The Counts of Nantes were originally the Frankish rulers of the Nantais under the Carolingians and eventually a capital city of the Duchy of Brittany. Their county served as a march against the Bretons of the Vannetais. Carologinian rulers would sometimes attack Brittany through the region of the Vannetais, making Nantes a strategic asset. In the mid-ninth century, the county finally fell to the Bretons and the title became a subsidiary title of the Breton rulers. The control of the title by the Breton Dukes figured prominently in the history of the Duchy. The title Count of Nantes was given to Hoel, a disinherited son of a Duke. He lost the Countship due to a popular uprising. That uprising presented an opportunity for King Henry II of England to attack the Breton Duke. In the treaty ending their conflicts, the Breton Duke awarded the Countship of Nantes to Henry II.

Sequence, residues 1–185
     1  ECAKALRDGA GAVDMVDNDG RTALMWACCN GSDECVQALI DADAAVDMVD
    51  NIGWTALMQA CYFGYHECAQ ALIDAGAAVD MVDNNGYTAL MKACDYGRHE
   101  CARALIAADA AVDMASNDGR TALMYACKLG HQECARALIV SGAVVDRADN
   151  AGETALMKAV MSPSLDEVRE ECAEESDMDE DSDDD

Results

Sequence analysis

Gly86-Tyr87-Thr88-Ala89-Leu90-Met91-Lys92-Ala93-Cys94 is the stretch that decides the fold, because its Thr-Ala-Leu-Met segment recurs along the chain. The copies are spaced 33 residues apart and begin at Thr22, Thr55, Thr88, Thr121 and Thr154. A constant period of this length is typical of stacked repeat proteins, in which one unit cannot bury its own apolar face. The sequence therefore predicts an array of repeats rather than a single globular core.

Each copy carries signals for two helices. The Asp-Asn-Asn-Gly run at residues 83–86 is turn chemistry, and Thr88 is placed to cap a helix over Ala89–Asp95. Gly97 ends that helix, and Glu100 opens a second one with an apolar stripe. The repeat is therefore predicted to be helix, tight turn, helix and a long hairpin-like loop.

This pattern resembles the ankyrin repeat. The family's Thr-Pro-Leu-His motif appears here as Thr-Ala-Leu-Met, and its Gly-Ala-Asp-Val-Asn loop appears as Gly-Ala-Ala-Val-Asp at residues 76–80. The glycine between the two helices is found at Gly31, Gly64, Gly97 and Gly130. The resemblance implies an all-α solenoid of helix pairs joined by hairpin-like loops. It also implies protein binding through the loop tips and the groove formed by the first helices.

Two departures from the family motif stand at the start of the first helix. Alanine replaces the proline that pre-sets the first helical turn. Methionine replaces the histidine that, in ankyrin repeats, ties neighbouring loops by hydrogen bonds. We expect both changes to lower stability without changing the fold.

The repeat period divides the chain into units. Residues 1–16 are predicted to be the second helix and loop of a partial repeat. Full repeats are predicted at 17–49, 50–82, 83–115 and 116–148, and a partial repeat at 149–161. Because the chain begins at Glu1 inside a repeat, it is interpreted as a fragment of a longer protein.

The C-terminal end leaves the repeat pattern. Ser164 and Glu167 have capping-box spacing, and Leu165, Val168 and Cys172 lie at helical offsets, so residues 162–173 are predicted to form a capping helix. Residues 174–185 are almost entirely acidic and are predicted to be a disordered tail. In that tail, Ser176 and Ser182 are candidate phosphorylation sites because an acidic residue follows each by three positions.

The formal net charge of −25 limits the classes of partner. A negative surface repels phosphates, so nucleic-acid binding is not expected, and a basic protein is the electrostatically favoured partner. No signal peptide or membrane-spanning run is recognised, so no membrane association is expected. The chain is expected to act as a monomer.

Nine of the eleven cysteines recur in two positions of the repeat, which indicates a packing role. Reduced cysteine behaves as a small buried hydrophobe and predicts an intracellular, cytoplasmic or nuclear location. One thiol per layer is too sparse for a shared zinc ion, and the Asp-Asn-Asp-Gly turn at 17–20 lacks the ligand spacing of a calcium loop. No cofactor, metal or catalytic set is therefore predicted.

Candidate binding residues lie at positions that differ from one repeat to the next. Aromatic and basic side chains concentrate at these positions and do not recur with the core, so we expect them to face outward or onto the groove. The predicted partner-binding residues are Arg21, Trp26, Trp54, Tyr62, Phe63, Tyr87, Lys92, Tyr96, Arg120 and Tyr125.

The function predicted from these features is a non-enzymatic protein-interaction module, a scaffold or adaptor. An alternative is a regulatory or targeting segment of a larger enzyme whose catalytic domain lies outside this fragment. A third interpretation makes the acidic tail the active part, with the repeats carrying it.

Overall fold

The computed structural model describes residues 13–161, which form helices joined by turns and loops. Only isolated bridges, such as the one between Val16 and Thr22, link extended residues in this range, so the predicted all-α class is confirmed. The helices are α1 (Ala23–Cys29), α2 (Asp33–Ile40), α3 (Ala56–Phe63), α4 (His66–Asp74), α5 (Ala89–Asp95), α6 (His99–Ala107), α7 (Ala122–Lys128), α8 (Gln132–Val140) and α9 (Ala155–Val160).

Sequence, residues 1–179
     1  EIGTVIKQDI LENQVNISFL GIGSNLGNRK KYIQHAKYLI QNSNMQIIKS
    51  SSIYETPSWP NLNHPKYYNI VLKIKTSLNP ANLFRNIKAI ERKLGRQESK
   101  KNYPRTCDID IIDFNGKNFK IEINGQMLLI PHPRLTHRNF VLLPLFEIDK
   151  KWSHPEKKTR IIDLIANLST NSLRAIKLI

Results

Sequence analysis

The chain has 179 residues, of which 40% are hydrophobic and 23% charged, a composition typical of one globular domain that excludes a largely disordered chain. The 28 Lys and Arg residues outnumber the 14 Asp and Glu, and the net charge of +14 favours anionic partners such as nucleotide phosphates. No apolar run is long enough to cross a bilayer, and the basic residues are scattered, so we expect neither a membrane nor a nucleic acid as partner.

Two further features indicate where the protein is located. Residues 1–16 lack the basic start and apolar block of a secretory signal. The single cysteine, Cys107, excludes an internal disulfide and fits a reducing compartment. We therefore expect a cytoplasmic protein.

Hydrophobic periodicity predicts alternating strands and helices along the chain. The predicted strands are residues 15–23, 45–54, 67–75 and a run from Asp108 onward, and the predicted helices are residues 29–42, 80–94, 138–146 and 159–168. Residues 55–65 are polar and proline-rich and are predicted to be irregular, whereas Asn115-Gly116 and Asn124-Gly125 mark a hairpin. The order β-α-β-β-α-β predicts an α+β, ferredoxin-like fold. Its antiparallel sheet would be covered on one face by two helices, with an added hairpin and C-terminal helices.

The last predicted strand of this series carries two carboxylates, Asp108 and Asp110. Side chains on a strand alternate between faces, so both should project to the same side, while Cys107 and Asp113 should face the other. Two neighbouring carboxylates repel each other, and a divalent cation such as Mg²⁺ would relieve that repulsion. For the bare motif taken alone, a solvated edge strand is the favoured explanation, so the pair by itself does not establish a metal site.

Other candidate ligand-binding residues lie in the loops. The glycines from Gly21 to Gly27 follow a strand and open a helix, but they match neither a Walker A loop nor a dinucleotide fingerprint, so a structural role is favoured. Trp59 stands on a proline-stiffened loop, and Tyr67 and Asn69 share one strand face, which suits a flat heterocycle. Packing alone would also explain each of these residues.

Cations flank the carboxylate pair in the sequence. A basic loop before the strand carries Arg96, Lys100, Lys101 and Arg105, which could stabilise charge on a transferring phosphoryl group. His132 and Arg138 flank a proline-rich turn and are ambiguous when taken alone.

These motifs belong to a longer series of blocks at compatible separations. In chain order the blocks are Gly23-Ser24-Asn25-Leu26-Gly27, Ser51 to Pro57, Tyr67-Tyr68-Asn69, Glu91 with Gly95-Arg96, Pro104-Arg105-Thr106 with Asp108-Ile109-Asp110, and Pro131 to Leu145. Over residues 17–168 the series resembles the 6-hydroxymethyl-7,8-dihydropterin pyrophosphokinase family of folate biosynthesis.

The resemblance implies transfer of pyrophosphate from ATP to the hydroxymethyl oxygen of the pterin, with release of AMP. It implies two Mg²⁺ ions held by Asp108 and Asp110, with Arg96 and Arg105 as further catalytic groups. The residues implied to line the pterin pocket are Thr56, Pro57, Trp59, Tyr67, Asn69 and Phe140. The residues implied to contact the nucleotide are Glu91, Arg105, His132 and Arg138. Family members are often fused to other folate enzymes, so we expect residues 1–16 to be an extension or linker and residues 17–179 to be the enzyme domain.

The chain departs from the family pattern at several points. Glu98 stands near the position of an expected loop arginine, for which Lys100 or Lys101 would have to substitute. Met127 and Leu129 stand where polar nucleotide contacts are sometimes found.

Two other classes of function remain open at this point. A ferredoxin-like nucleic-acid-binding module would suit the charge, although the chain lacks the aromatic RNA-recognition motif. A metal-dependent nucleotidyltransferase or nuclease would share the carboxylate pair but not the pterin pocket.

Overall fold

La Chapelle-Launay is a commune in the Loire-Atlantique department in Brittany, western France.
Lambert II was the Count of Nantes and Prefect of the Breton March between 843 and 851. Lambert ruled the county in opposition to Amaury, the puppet count installed by Charles the Bald, King of West Francia. At his death, the county was effectively in Breton control. Lambert was the son of Lambert I and his wife Itta.
The Battle of Jengland took place on 22 August 851, between the Frankish army of Charles the Bald and the Breton army of Erispoe, Duke of Brittany. The Bretons were victorious, leading to the signing of the Treaty of Angers in September 851 which secured Breton independence.
The Pays de Retz is a historical subregion of France that currently forms part of the Loire-Atlantique department, but which previously formed part of the Duchy of Brittany.
Renaud (795–843) was Frankish Count of Herbauges, Count of Poitiers and Count of Nantes. His name is also spelled Rainaldus or Ragenold, and he is sometimes known as Reginald in English. He is referred to as Renaud of Aquitaine, but seems to have been a member of the Rorgonid family of Maine.